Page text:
Sunday, March 30, 2014

Pinnacles National Park

Pongo Breaks In His New Gear

March 30, 2014


  • Mono -- Hymn to the Immortal Wind
  • Heatmiser -- Mic City Son
  • The Decemberists -- The King Is Dead
Pongo got some new hiking gear, so I thought we'd break it in with a trip to one of his favorite places: Pinnacles National Park.

Pongo Busts Out His New Backpack
Stylish, ain't he?  If you can't tell, that's a big cheesy grin he's wearing on his face.  He loves spending the day at Pinnacles.

Acorn Woodpecker -- Pinnacles National Park, CA
Nuttall's Woodpecker
We don't get to see a whole lot of the park, unfortunately.  Dog are only allowed on the roads and campground.  Pongo doesn't seem to mind.  We walk around the campground and down the road a ways and he's happy as a clam.

We're used to having the place pretty much to ourselves, but Spring is Pinnacles busy season.  About half of the camping spots were occupied.  That's not too bad, but we didn't see a single rabbit or deer, and I'm sure it had to do with the extra human activity of the tourist season.

We saw a number of acorn woodpeckers and a single nuttall's woodpecker.  He was pecking a hole into a tree big enough for him to climb into.  He was building a home, I guess.

He.  She.  It could have been a lady woodpecker for all I know.

The Road We Walk On -- Pinnacles National Park, CA
California Thrasher
Pongo's taste for adventure has increased dramatically over the last year.  He doesn't seem ready to leave at any given point.  That's a big change from when I first started taking him out.  He used to get freaked out after an hour or two and I'd have to take him home.  I don't know if it was too much stimulus or he was worried about never getting back home or what.  That's not a problem anymore.

I saw a couple of condors flying high above the hills behind the visitor's center.  They were mixed in with a bunch of turkey vultures.  It's impossible for me to pick them out from that distance with the naked eye.  I could tell once I'd zoomed in on them with my camera, though.  The markings on the underside of the wings are very different for vultures and condors.  The pictures I got were pretty bad, but you can at least tell it's a condor in the photos.  I'm just glad I don't have to make my living doing this kind of thing.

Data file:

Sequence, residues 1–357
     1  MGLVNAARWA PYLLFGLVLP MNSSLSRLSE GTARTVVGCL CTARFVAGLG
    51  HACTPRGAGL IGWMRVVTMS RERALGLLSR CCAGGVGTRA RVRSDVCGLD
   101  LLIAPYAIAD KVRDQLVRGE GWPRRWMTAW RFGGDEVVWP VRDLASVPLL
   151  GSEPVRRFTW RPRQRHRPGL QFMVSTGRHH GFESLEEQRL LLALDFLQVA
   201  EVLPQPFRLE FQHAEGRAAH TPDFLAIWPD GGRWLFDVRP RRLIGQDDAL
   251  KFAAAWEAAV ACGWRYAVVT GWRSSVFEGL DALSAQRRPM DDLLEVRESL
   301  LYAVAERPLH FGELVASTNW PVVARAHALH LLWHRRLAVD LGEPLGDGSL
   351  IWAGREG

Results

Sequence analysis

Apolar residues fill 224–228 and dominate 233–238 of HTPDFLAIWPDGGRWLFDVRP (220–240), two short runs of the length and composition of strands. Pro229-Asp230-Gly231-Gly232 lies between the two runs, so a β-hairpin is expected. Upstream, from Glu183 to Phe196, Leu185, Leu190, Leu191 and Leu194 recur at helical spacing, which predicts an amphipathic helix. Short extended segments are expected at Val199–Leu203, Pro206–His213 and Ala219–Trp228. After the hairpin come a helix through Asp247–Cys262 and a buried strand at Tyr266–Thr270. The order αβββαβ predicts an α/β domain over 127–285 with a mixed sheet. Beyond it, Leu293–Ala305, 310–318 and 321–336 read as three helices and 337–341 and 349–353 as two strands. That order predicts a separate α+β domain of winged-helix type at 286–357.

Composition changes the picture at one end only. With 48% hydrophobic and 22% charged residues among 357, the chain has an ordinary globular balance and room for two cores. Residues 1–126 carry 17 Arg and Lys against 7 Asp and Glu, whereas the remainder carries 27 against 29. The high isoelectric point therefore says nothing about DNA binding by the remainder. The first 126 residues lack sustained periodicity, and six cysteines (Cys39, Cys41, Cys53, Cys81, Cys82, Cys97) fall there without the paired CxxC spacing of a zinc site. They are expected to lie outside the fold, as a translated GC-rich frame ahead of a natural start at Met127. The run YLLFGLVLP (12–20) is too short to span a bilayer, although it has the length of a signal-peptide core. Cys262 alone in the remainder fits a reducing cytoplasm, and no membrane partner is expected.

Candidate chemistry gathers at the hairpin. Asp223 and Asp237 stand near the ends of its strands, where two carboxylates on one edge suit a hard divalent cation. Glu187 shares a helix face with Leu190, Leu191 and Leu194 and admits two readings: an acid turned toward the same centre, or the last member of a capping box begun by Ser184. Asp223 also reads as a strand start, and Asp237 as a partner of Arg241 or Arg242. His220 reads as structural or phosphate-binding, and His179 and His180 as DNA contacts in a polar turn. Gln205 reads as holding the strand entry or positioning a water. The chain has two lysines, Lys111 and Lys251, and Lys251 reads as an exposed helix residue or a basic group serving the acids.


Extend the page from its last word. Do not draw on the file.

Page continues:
California Condor -- Pinnacles National Park, CA

Monday, March 24, 2014

Marin Headlands & Lake Merritt

March 23, 2014

I didn't have the opportunity for a big adventure this weekend.  I was able to get away for a few hours, though, so I headed over to Marin to visit Rodeo Lagoon.

Rodeo Beach, CA
I read that there are often a lot of birds on the lagoon.  Not so, at least not when I got there.  There were a few canada geese and mallards.  A common merganser made an appearance at one point.  I saw a few surf scoters out on the ocean, but they were too far out to photograph.  So, I just spent a little time relaxing on the beach.  I watched the surfers.  The waves were big and they seemed to be having a great time out there.

Great Blue Heron -- Rodeo Lagoon, CA
I decided to stop at Lake Merritt on my way home.  I was in the mood for getting some bird pictures and Rodeo Lagoon had proven to be something of a disappointment in that regard.  It was a lovely day at the beach, mind you.  I just wanted more birds.

Hank -- Lake Merritt, Oakland, CA
Hank was there, of course.  He's a white pelican from Klamath Falls, OR.  He was injured up there a few years ago and sent down to the lake to live.  I wasn't aware of this until recently, but Lake Merritt is the oldest wildlife reserve in the country.  The folks there take good care of him, feeding him fish, which you can witness first-hand if you're lucky.  I get the impression Hank is pretty happy, all things considered.